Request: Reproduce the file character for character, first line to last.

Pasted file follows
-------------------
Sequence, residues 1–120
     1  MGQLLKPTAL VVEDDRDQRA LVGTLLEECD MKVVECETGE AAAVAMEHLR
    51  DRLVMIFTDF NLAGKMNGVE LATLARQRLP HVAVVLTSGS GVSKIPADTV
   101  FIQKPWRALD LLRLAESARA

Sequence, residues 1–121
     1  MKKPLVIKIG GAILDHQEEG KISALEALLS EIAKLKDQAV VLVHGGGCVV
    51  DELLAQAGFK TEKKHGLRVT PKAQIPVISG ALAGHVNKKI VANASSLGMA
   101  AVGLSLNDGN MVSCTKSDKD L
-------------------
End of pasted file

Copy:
Sequence, residues 1–120
     1  MGQLLKPTAL VVEDDRDQRA LVGTLLEECD MKVVECETGE AAAVAMEHLR
    51  DRLVMIFTDF NLAGKMNGVE LATLARQRLP HVAVVLTSGS GVSKIPADTV
   101  FIQKPWRALD LLRLAESARA

Sequence, residues 1–121
     1  MKKPLVIKIG GAILDHQEEG KISALEALLS EIAKLKDQAV VLVHGGGCVV
    51  DELLAQAGFK TEKKHGLRVT PKAQIPVISG ALAGHVNKKI VANASSLGMA
   101  AVGLSLNDGN MVSCTKSDKD L